Before I start, I’d like to stress that I am in no way a finance expert and that entering into a financial agreement is a big decision that must be considered carefully. This post is purely to share the things I learned during the process and how I found the whole experience.

Choosing my car

I’d never bought a brand new car before, so I have to admit when I walked into Eden Vauxhall the first time, I was pretty excited.

I initially wanted a Vauxhall Corsa, for a few different reasons:

  • I’ve driven a few in the past (as hire cars) and I always found them comfortable and nice to drive
  • Friends of ours recently bought their car from Eden and had a really good experience
  • From the research I did I found that Vauxhall did some good 0% finance deals (more on that later)

In the end I went for a Vauxhall Adam Energised, which is smaller and a bit funkier than the Corsa.

Image of me with my new car

Me with Magnus!

Dave and I used to share one car, which worked fine when I walked or got the train to work. However, when I got my new job I realised I would need to drive, hence the need for a second car.

Our other car is quite big and where we’re moving to is a bit tight on parking, so it actually made sense to get a smaller car. I do sometimes miss having 5 doors, but on the whole I’m really happy with my new little car. It’s cheap to run, looks cute and gets me where I need to go – plus it has something called City Mode, which is AMAZING for parking in tight spaces.

Was it scary going car shopping?

Not at all! The staff at Eden were so friendly and I always felt very well taken care of. The showroom was spacious, modern and very comfortable, so while I had to do a wee bit of waiting around, I was able to do so on comfy sofas, with plenty of magazines and all the free coffee I could drink!

Jennie, the saleswoman that helped me, was lovely – very warm, helpful and professional, without being too pushy or sales-y.

She answered all my questions, talked me through the features and benefits of the car and took me on a test drive so I could get a feel for it.

Is car finance confusing?

It was a bit at first, but I made sure I did lots of research as I wanted to go in knowing what sort of deal I was looking for. I think this was a good idea as it helped me feel more prepared and sound like I knew roughly what I was talking about! Obviously you can ask questions and they’ll be more than happy to explain things, but it’s nice to have a basic understanding going in.

Can you explain a bit about car finance?

There are various different ways to finance your purchase, but the two main terms you’ll hear being thrown around are PCP and HP. Both are summed up very briefly below:

Personal Contract Purchase (PCP)

  • Flexible terms, low monthly payments (instalments only cover the partial cost of your car)
  • Low deposit required
  • At the end of your agreement you will need to pay a large chunk (or balloon payment) for the car to be yours
  • If you aren’t bothered about owning the car you can return it to the dealership or part exchange the car on a new finance agreement
  • Mileage restrictions apply, with penalties for exceeding them. You will also be penalised for damage to the car (beyond general wear and tear)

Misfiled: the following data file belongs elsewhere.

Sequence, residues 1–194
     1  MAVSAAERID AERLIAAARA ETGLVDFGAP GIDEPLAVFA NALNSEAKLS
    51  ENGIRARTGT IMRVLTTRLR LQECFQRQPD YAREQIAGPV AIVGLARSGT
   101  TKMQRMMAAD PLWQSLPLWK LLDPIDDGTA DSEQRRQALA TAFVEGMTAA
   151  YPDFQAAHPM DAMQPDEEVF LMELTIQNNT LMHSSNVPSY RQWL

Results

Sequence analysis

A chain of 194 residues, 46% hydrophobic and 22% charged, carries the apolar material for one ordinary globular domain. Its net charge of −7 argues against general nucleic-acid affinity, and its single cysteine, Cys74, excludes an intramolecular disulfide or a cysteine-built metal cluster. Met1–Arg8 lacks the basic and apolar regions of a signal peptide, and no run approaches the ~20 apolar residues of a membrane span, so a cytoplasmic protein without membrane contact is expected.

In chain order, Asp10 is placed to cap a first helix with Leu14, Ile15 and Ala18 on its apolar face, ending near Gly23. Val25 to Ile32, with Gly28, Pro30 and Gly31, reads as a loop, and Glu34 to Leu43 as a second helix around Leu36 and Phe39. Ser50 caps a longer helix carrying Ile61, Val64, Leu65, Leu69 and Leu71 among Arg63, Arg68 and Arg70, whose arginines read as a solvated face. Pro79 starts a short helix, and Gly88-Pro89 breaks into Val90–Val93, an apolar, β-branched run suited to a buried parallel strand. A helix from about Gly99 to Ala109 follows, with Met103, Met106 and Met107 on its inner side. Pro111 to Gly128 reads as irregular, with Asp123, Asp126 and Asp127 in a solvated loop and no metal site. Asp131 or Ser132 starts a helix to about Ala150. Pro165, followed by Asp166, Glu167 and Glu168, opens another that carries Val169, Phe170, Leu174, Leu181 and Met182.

• This type of finance is best suited to people who aren’t bothered about owning the car at the end. So, if you’re the type of person who likes swapping cars and having a brand-new one every few years, this could be a good option for you
  • You’ll hear the term ‘Guaranteed Future Value’ – more on this here

Hire Purchase (HP)

  • Once you’ve made your final payment you will own the car
  • Rather than smaller monthly payments followed by a large balloon payment at the end, your agreement will be made up of larger fixed monthly payments
  • You can vary the size of your deposit. The more you’re able to put down, the smaller your monthly payments will be

What about interest rates?

Interest (APR) rates vary and it is possible to find 0% interest deals, which is what I did. Quite simply this means my monthly payments are worked out as follows:

[Retail price of car + any extras (I’ll come to this later) – deposit] % by the number of months my contract runs for (48, in case you were wondering)

And that’s it, no interest is added on.

So…extras?

I added on floor mats (they weren’t included), GAP Insurance (I would recommend having this – more info here, and exterior paint and alloy protection. There were other options, such as upholstery protection, that I decided not to go for. Don’t worry – when you come to buy, the dealer will run through all your options and their benefits.

What next?

If you’re planning to buy a car and either don’t wish to purchase from a private seller or don’t have the funds to buy outright, you’ll want to start exploring finance options. The points I’ve mentioned here are very brief, but Creditplus* have a mine of information on the various types.

What I have learned though, is that buying a new car needn’t be scary or overwhelming. It’s a big purchase, but there is plenty of advice available to help you make the right choice. I’m really happy with my new car and had a great experience with the team at Eden.

I should say as well that I went for a brand new car because of the various perks that come with doing that, but finance is available on used and even classic cars, so your options aren’t limited!

*Disclaimer: Creditplus is my employer but all thoughts and opinions are my own and I received no additional financial incentive for writing this post.